A minute or so later (I can’t be sure, as time was a relative thing at that point), I collected my wits (what little I had left), sat up and surveyed the landscape. My bent reading glasses were on the mantel of the fireplace. The recliner was upside down and about 8 feet or so from where it originally was. My triceps, right thigh and both nipples were still twitching. My face felt like it had been shot up with Novocain, and my bottom lip weighed 88 lbs.. I had no control over the drooling.

Apparently I pooped on myself, but was too numb to know for sure and my sense of smell was gone. I saw a faint smoke cloud above my head which I believe came from my hair. I’m still looking for my nuts and I’m offering a significant reward for their safe return!

PS.. My wife, can’t stop laughing about my experience, loved the gift, and now regularly threatens me with it!

If you think education is difficult, try being stupid !!!

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Clever History Lesson

The next time you are washing your hands and complain because the water temperature isn’t just how you like it, think about how things used to be.

Here are some facts about the 1500s:

Most people got married in June because they took their yearly bath in May, and still smelled pretty good by June. However, they were starting to smell, so brides carried a bouquet of flowers to hide the body odour.

Hence the custom today of carrying a bouquet when getting married.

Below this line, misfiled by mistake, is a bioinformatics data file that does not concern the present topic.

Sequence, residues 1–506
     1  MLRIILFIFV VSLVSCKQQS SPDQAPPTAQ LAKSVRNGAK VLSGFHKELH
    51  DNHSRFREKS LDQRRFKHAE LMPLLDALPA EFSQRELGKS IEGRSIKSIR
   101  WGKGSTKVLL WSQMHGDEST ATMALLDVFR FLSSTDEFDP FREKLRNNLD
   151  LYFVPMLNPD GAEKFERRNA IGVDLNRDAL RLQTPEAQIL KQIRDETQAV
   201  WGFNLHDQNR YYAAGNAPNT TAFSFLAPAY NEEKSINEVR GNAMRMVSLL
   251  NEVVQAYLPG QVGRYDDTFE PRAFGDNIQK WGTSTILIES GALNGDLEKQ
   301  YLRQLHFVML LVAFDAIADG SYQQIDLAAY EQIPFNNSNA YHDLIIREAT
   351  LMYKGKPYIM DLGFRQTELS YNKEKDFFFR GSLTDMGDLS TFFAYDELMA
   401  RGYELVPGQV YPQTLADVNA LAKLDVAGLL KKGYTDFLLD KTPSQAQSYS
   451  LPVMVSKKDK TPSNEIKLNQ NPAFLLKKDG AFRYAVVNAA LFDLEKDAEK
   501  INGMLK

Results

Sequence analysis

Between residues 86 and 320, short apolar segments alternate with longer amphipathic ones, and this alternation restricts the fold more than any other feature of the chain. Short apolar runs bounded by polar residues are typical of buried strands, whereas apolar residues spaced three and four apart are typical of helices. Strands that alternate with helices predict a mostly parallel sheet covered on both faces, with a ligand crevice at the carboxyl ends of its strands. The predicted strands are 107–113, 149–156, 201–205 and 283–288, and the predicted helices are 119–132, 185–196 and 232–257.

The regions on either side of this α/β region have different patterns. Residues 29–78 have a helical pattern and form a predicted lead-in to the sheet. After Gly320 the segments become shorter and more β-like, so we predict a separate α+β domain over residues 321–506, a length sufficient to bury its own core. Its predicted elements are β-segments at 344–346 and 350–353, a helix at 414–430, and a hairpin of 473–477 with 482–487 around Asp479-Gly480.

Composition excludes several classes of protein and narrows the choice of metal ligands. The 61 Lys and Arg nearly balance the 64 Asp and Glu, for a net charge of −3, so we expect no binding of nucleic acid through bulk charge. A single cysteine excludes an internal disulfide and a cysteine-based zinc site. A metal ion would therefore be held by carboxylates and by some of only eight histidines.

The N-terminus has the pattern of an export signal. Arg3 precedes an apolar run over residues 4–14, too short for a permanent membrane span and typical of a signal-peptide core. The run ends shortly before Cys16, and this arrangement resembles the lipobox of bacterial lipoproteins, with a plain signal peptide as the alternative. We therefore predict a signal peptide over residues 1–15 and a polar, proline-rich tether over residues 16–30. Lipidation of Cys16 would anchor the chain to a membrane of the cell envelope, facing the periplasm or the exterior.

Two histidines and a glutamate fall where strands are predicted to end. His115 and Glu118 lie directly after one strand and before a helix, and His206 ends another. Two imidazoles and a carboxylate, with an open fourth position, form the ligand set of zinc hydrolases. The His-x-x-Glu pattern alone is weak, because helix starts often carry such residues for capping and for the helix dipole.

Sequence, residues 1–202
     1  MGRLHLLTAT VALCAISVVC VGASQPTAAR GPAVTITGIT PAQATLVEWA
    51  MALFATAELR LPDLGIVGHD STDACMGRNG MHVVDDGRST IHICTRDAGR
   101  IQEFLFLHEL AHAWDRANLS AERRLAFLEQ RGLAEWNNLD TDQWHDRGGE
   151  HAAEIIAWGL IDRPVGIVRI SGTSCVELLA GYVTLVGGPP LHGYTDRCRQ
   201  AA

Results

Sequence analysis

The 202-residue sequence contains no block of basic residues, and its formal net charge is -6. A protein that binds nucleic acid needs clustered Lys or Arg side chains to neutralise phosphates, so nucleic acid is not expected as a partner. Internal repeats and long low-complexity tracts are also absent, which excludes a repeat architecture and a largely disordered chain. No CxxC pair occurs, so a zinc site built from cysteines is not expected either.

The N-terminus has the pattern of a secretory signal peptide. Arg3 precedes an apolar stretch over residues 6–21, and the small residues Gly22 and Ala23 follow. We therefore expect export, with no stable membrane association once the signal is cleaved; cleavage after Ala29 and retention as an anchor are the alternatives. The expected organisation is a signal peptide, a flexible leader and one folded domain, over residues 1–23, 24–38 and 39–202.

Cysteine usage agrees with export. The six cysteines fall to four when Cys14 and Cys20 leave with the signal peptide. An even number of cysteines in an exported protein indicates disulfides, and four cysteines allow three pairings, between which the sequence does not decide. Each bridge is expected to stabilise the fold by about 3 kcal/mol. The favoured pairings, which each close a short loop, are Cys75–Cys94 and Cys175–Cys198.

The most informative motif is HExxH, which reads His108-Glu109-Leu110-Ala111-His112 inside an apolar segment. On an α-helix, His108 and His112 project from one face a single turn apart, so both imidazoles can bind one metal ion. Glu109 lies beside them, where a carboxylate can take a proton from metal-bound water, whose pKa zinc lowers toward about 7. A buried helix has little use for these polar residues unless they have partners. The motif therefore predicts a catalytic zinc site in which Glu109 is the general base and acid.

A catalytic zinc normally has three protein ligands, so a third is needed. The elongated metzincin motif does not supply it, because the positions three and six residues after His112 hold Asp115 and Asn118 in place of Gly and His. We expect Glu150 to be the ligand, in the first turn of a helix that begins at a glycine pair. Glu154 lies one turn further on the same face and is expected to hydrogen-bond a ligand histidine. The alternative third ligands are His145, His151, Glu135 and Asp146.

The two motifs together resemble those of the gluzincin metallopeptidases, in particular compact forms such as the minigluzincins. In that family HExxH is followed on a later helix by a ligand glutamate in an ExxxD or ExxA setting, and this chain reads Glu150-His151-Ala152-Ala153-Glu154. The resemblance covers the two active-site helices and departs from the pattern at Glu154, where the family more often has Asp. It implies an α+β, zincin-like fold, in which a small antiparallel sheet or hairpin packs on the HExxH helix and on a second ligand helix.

Baths consisted of a big tub filled with hot water. The man of the house had the privilege of the nice clean water, then all the other sons and men, then the women and finally the children. Last of all the babies.

By then the water was so dirty you could actually lose someone in it.
Hence the saying; “Don’t throw the baby out with the Bath water”.

Houses had thatched roofs-thick straw-piled high, with no wood underneath.
It was the only place for animals to get warm, so all the cats and other small animals (mice, bugs) lived in the roof When it rained it became slippery and sometimes the animals would slip and fall off the roof.
Hence the saying; “It’s raining cats and dogs”.

There was nothing to stop things from falling into the house. This posed a real problem in the bedroom where bugs and other droppings could mess up your nice clean bed. Hence, a bed with big posts and a sheet hung over the top afforded some protection. That’s how “canopy beds” came into existence.

The floor was earth – usually hardened by traffic over years. Only the wealthy had something other than earth. Hence the saying, “Dirt poor”.

The wealthy had slate floors that would get slippery in the winter when wet, so they spread thresh (straw) on floor to help keep their footing. As the winter wore on, they added more thresh until, when you opened the door, it would all start slipping outside. A piece of wood was placed in the entranceway.
Hence the saying a “thresh hold”.

(Getting quite an education, aren’t you?)

In those old days, they cooked in the kitchen with a big kettle that always hung over the fire. Every day they lit the fire and added things to the pot. They ate mostly vegetables and did not get much meat. They would  eat the stew for dinner, leaving leftovers in the pot to get cold
overnight and then start over the next day. Sometimes stew had food in it that had been there for quite a while. Hence the rhyme; “Peas porridge hot, peas porridge cold, peas porridge in the pot nine days old”.

Sometimes they could obtain pork, which made them feel quite special.
When visitors came over, they would hang up their bacon to show off. It was a sign of wealth that “a man could bring home the bacon”. They would cut off a little to share with guests and would all sit around and “chew the fat”.